• To assess the efficacy and safety of routine monitoring of gastric residual based on two different criteria for interrupting feeds or decreasing feed volume in preterm infants

We planned to undertake subgroup analysis based on gestational age ( 27 weeks, 28 weeks to 31 weeks, ≥ 32 weeks), birth weight (< 1000 g, 1000 g to 1499 g, ≥ 1500 g), small for gestational age versus appropriate for gestational age infants (classified using birth weight relative to the reference population), type of feed the infant is receiving (human milk or formula milk), and frequency of monitoring of gastric residual (before every feed, before every third feed, etc.) (see "Subgroup analysis and investigation of heterogeneity").

Search strategy: 

We used the standard search strategy of Cochrane Neonatal to search the Cochrane Central Register of Controlled Trials (CENTRAL; 2018, Issue 1), MEDLINE via PubMed (1966 to 19 February 2018), Embase (1980 to 19 February 2018), and the Cumulative Index to Nursing and Allied Health Literature (CINAHL; 1982 to 19 February 2018). We also searched clinical trials databases, conference proceedings, and the reference lists of retrieved articles for randomised controlled trials and quasi-randomised trials.

Selection criteria: 

We selected randomised and quasi-randomised controlled trials that compared routine monitoring of gastric residual versus no monitoring or two different criteria of gastric residual to interrupt feeds in preterm infants.

Data collection and analysis: 

Two review authors assessed trial eligibility and risk of bias and independently extracted data. We analysed treatment effects in individual trials and reported the risk ratio and the risk difference for dichotomous data, and the mean difference for continuous data, with respective 95% confidence intervals. We used the GRADE approach to assess the quality of evidence.

Main results: 

Two randomised controlled trials with a total of 141 preterm infants met the inclusion criteria for the comparison of routine monitoring versus no monitoring of gastric residual in preterm infants. Both trials were done in infants with birth weight < 1500 g.

Routine monitoring of gastric residual may have little or no effect on the incidence of necrotising enterocolitis (risk ratio (RR) 3.07, 95% confidence interval (CI) 0.50 to 18.77; participants = 141; studies = 2; low-quality evidence). Routine monitoring may increase the risk of feed interruption episodes (RR 2.07, 95% CI 1.39 to 3.07; participants = 141; studies = 2; low-quality evidence); the number needed to treat for an additional harmful outcome (NNTH) was 3 (95% CI 2 to 6).

Routine monitoring of gastric residual may increase time taken to establish full enteral feeds (mean difference (MD) 3.92, 95% CI 2.06 to 5.77 days; participants = 141; studies = 2; low-quality evidence), time taken to regain birth weight (MD 1.70, 95% CI 0.01 to 3.39 days; participants = 80; studies = 1; low-quality evidence), and number of total parenteral nutrition days (MD 3.29, 95% CI 1.66 to 4.92 days; participants = 141; studies = 2; low-quality evidence).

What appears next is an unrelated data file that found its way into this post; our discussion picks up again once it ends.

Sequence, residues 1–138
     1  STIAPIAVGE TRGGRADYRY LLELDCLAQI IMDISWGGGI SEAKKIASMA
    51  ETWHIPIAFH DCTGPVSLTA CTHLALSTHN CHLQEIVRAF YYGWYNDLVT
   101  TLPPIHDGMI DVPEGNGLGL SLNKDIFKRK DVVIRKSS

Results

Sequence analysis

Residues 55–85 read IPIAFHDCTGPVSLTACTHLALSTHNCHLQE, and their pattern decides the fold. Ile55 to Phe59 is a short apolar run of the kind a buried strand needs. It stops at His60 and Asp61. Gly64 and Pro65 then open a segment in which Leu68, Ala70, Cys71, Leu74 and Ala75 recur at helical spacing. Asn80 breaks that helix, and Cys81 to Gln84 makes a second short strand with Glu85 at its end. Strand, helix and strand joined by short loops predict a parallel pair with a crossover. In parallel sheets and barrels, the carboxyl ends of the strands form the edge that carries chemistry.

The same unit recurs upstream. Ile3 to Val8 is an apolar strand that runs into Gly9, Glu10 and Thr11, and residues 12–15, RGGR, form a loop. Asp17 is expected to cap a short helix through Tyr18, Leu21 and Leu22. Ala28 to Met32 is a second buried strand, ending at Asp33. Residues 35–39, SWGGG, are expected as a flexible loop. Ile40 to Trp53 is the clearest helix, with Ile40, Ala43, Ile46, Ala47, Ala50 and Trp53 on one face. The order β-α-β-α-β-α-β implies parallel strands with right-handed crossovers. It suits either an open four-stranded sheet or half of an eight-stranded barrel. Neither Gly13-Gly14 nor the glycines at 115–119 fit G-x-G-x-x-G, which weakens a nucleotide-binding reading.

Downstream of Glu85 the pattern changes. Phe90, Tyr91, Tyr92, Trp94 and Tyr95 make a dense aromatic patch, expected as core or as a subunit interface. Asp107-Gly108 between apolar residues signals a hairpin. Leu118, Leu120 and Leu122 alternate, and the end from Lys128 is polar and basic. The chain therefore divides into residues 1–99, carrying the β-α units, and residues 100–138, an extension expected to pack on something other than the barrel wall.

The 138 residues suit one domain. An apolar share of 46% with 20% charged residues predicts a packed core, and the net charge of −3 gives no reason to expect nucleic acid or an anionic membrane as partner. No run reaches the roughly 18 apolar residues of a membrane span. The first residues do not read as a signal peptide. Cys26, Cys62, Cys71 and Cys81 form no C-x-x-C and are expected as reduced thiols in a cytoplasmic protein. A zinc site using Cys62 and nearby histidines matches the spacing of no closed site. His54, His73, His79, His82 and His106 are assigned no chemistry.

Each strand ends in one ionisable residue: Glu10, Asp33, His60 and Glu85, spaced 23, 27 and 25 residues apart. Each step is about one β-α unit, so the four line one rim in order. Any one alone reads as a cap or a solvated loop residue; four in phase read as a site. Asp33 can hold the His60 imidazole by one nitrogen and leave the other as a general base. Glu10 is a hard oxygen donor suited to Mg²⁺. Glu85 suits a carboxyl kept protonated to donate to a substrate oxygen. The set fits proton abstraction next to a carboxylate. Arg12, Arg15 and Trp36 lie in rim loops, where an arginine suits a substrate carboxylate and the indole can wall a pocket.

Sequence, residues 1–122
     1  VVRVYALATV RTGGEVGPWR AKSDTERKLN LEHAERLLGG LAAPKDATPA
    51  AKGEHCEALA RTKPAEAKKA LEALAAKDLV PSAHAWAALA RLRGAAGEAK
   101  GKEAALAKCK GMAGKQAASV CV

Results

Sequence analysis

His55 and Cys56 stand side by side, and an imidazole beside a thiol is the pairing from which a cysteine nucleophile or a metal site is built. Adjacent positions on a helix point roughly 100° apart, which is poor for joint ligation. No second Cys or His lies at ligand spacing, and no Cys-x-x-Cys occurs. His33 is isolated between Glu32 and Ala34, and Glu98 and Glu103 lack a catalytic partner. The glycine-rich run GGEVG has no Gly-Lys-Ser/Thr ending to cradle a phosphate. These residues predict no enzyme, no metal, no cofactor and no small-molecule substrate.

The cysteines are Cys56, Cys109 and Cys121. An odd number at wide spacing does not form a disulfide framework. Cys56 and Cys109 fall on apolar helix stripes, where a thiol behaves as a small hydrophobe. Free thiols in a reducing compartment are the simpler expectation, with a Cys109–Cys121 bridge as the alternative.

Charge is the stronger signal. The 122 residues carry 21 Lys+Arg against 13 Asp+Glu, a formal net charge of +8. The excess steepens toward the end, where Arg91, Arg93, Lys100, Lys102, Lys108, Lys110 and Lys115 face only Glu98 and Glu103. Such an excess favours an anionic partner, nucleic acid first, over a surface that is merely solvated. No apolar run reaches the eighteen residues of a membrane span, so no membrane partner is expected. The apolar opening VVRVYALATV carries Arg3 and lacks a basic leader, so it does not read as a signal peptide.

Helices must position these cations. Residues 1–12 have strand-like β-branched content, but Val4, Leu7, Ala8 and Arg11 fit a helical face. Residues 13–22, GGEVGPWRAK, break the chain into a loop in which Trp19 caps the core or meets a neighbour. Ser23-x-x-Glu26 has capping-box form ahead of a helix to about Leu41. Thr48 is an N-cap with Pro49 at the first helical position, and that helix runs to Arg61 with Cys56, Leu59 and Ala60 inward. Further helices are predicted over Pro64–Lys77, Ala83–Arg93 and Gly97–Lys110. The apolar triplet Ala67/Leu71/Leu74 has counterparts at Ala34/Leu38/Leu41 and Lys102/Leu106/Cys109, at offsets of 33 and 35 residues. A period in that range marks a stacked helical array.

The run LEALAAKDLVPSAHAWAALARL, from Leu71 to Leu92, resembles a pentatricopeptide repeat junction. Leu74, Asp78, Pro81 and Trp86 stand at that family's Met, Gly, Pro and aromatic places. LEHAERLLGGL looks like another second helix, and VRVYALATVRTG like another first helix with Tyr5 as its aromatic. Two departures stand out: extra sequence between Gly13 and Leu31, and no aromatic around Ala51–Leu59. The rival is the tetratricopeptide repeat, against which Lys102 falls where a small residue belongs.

We are uncertain as to the effect of routine monitoring of gastric residual on other outcomes such as incidence of surgical necrotising enterocolitis, extrauterine growth restriction at discharge, parenteral nutrition-associated liver disease, duration of central venous line (CVL) usage, incidence of invasive infection, mortality before discharge, and duration of hospital stay. We found no data for outcomes such as aspiration pneumonia, gastroesophageal reflux, growth measures following discharge, and neurodevelopmental outcome.

Only one trial with 87 preterm infants met the inclusion criteria for the comparison of using two different criteria of gastric residual to interrupt feeds while monitoring gastric residual. The trial was done in infants with birth weight of 1500 to 2000 g. We are uncertain as to the effect of using two different criteria of gastric residual on outcomes such as incidence of necrotising enterocolitis or surgical necrotising enterocolitis, time to establish full enteral feeds, time to regain birth weight, number of total parenteral nutrition days, number of infants experiencing feed interruption episodes, extrauterine growth restriction at discharge, parenteral nutrition-associated liver disease, incidence of invasive infection, and mortality before discharge (very low quality evidence). We found no data on duration of CVL usage, aspiration pneumonia, gastroesophageal reflux, duration of hospital stay, growth measures following discharge, and neurodevelopmental outcome.

Share/Save